Researchers from the United States reported the case of a woman with chronic immune thrombocytopenia (ITP) who had a false positive result for hepatitis B infection. She had been treated with intravenous immunoglobulin (IVIG) and corticosteroids. Rituximab treatment was delayed due to this false positive result. 

“This case highlights the importance of understanding IVIG’s impact on hepatitis B serologic tests for patients with chronic ITP managed by rituximab therapy,” wrote the team led by Minh Q. Ho, DO, from the Orlando VA Medical Center, in Orlando, Florida.

Read more about the treatment of ITP

The case is published in the American Journal of Medicine.

“Healthcare providers should be aware of this phenomenon to prevent treatment delays, unnecessary antiviral therapy, and avoidance of beneficial pharmacological management,” they continued.

The case presented here is that of a 59-year-old female patient, who presented to the emergency department due to severe thrombocytopenia. She previously had splenectomy to treat her ITP.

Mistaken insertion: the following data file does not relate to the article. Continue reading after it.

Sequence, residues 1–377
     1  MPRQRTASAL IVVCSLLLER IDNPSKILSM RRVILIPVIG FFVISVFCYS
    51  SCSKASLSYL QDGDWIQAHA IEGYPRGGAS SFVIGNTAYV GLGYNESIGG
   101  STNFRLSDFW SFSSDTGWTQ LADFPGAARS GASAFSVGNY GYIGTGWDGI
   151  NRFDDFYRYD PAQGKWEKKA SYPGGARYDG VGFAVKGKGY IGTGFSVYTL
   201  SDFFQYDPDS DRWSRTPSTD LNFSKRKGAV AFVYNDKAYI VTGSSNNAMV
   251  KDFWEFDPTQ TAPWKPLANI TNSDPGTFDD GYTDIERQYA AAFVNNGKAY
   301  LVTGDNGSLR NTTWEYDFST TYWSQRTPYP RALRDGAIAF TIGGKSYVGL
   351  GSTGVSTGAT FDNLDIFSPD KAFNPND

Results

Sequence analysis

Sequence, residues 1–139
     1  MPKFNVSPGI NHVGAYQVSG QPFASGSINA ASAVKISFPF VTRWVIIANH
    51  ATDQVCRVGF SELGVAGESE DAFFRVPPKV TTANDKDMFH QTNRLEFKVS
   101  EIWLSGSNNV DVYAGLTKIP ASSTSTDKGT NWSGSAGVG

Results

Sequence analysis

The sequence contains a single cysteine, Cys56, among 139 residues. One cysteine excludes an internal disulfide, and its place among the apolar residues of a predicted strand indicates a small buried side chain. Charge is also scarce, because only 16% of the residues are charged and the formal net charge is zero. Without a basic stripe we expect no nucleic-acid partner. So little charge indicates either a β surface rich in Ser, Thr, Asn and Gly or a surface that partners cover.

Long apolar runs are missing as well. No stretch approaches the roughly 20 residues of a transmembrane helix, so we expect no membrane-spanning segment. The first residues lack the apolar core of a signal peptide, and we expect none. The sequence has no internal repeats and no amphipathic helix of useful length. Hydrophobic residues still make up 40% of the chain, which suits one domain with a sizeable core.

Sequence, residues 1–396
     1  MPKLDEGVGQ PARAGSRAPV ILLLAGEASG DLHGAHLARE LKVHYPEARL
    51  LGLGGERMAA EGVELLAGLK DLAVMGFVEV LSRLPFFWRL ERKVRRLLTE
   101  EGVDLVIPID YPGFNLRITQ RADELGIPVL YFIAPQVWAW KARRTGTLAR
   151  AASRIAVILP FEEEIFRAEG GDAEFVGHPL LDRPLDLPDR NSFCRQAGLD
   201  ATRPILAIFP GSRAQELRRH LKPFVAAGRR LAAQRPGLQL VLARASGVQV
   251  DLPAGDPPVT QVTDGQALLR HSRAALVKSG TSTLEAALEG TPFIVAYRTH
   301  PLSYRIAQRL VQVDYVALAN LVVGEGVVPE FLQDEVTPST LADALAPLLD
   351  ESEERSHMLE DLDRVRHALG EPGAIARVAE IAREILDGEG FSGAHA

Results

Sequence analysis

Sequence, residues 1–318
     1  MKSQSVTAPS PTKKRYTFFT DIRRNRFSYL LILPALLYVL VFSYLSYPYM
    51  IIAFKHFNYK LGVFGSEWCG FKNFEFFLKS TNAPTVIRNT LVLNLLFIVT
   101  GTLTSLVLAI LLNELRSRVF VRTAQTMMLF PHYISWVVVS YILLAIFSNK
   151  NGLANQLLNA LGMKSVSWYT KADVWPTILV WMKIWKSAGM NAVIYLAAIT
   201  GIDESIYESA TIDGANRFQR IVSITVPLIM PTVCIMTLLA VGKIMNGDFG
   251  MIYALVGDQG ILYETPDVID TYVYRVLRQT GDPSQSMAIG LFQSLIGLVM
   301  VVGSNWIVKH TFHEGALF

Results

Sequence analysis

She was given 150 mL of platelets and 125 mg of intravenous methylprednisolone in the emergency department and then 60 mg intravenous methylprednisolone every 6 hours together with 1 g/kg of IVIG per day for 2 days. 

By Day 3 after admission to the hospital, her platelet count rose to 189 K/cmm. She underwent viral screening before the initiation of rituximab therapy, which revealed positive hepatitis B serology. This led to a delay in treatment.

Following consultation with the infectious disease team who suspected positive hepatitis B serology might be transient and due to IVIG therapy, the patient had hepatitis B PCR testing, which was negative.

ITP is a rare bleeding disorder characterized by very low numbers of platelets. Treatment consists of corticosteroid therapy, IVIG, and thrombopoietin receptor agonists like eltrombopag, romiplostim, or rituximab.

IVIG contains pooled human immunoglobulins. Sometimes, patients receiving IVIG may experience transiently positive hepatitis B serology. This is due to passive antibody transfer.


Silliman J, Smola K, Ho MQ. False positive hepatitis B in an idiopathic immune thrombocytopenia. Am J Med. Published online June 23, 2023. doi:10.1016/j.amjmed.2023.05.018